SDCC 2013: Kids Manga Fave Doraemon to Be Published in English

SDCC 2013: Kids Manga Fave Doraemon to Be Published in English

On Friday night at San Diego Comic-Con 2013, at the “Beyond the Valley of Tezuka: Manga Legends You Don’t Know (But Should Know)” panel, it was announced that Doraemon, the longtime Japanese kids manga/anime favorite by Fujio Fujiko would be soon available in English in Fall 2013 in digital format.

Fujiko F. Fujio Productions, working in conjunction with Japanese multi-media producer Voyager Japan and translation company AltJapan, will be releasing Doraemon with all-new English translation/localization and in full-color for Amazon Kindle, and possibly eventually via other ePUB outlets, which may include Apple iBookstore, Google Play, and Nook as the releases roll out. The first releases will be in English, with other versions in other languages, such as Spanish, to follow in the coming year.

While the Fall 2013 release date is confirmed, a few other details are as yet to be finalized, including a month/day for the first release, the price, the rough page-count per unit that will be sold by (e.g. by chapter or by volume, and the rough page count per volume), and the publishing frequency. Also, this is a digital-only release, with no plans to publish this title in print at this time.

News of this new English publication of Doraemon came about at the 2013 International eBook Expo in Tokyo, at a presentation hosted by Voyager Japan in early July. AltJapan translators Matt Alt and Hiroko Yoda (who have also translated sci-fi manga Dorohedoro by Q Hayashida for VIZ Media and are authors of books on Japanese culture, including Yokai Attack! and Ninja Attack! from Tuttle Publishing) spoke about the challenges of adapting one of Japan’s most beloved children’s comics characters for English readers, many that will be introduced to this robot cat from the future for the first time. You can view this presentation on YouTube, although it is all in Japanese.


From Doraemon v. 1 by Fujio F. Fujiko

From Doraemon v. 1 by Fujio F. Fujiko © F. Fujio Productions

For fans of Japanese anime and manga, Doraemon needs no introduction. But given that until now, Doraemon manga was only officially available in English via a few volumes of bilingual English/Japanese manga published by Shogakukan (largely as language learning teaching aids), very few readers in the English-speaking world have actually read much of it.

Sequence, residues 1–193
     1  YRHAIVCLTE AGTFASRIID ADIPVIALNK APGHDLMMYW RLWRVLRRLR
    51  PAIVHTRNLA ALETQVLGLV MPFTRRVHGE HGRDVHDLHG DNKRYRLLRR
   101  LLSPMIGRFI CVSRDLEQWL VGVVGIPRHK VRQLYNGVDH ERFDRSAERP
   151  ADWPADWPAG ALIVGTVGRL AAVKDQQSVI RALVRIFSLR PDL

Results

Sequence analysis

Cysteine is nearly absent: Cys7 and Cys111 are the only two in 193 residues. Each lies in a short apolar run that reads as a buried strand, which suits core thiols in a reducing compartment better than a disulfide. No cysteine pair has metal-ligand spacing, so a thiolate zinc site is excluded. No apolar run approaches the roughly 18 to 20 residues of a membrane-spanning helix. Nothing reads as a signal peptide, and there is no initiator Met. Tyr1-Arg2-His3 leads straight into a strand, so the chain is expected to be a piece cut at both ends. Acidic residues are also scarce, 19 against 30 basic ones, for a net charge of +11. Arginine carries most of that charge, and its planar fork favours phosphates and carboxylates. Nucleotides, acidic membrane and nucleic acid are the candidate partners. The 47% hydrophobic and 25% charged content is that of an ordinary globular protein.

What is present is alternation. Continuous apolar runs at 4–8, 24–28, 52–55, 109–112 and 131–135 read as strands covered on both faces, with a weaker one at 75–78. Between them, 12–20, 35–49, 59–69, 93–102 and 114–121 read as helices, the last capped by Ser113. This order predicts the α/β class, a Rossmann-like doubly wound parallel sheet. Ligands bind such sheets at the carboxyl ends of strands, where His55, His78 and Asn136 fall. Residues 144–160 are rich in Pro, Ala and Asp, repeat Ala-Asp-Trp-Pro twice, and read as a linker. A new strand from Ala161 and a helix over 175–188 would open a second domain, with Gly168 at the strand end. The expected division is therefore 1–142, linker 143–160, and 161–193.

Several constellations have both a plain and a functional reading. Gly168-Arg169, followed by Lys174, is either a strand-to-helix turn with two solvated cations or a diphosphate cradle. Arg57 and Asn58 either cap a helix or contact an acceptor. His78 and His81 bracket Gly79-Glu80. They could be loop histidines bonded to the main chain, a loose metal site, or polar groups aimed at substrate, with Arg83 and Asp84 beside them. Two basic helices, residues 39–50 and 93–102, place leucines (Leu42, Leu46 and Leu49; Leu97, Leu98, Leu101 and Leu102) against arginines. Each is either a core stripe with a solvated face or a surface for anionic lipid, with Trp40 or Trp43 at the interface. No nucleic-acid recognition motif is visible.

Doraemon is basically the story of a robot cat from the 22nd Century named Doraemon who is sent from the future to help hapless, extremely ordinary boy Nobita Nobi. Nobita is a bespectacled boy who is doesn’t get good grades, is not very athletic, and is often bullied by his classmates. Nobita is generally a good-hearted kid, but he’s a bit lazy, and pretty unlucky to boot.

Then one day, Doraemon pops up out of Nobita’s desk drawer, and tells him that he’s here to save him from a terrible fate. As a robot cat who comes from the future where almost anything seems possible, Doraemon has time-traveled via the fourth dimension to Nobita’s house. He’s there by request of Nobita’s great-grandson, Sewashi, who also visits Nobita on that fateful day.

Doraemon and Sewashi give Nobita a glimpse into his future — that he’ll grow up to be an even bigger loser than he is today, and will saddle his future generations with immense debt and misery. To avoid this misfortune, Sewashi has charged Doraemon with helping Nobita to be a better person, largely with the help of numerous gadgets that Doraemon plucks from the future via the fourth dimensional pocket on his belly.

Over the course of this long-running series, Doraemon and Nobita get into a vast array of fantastic adventures and get into a lot of trouble too along the way. It’s a fun, light-hearted series full of imagination and action. It’s kind of like a cross between Peanuts and Calvin and Hobbes — and is just as popular and iconic to Japanese kids as Peanuts and Calvin and Hobbes are to American comics fans.